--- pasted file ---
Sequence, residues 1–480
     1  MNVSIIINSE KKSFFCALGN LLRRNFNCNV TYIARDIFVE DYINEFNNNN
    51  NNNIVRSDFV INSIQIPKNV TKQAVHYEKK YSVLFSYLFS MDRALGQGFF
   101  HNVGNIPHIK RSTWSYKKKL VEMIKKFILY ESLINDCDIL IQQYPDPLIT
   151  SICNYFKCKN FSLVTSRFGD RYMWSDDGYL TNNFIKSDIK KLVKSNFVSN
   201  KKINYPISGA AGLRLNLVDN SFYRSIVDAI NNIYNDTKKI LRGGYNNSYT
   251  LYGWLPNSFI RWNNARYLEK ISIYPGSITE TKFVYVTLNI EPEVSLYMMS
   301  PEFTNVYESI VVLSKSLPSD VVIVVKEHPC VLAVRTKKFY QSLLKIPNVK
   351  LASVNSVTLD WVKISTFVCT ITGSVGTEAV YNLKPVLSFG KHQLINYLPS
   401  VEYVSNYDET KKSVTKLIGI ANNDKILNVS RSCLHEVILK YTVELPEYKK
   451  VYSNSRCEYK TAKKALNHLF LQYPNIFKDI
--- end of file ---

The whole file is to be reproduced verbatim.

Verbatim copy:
Sequence, residues 1–480
     1  MNVSIIINSE KKSFFCALGN LLRRNFNCNV TYIARDIFVE DYINEFNNNN
    51  NNNIVRSDFV INSIQIPKNV TKQAVHYEKK YSVLFSYLFS MDRALGQGFF
   101  HNVGNIPHIK RSTWSYKKKL VEMIKKFILY ESLINDCDIL IQQYPDPLIT
   151  SICNYFKCKN FSLVTSRFGD RYMWSDDGYL TNNFIKSDIK KLVKSNFVSN
   201  KKINYPISGA AGLRLNLVDN SFYRSIVDAI NNIYNDTKKI LRGGYNNSYT
   251  LYGWLPNSFI RWNNARYLEK ISIYPGSITE TKFVYVTLNI EPEVSLYMMS
   301  PEFTNVYESI VVLSKSLPSD VVIVVKEHPC VLAVRTKKFY QSLLKIPNVK
   351  LASVNSVTLD WVKISTFVCT ITGSVGTEAV YNLKPVLSFG KHQLINYLPS
   401  VEYVSNYDET KKSVTKLIGI ANNDKILNVS RSCLHEVILK YTVELPEYKK
   451  VYSNSRCEYK TAKKALNHLF LQYPNIFKDI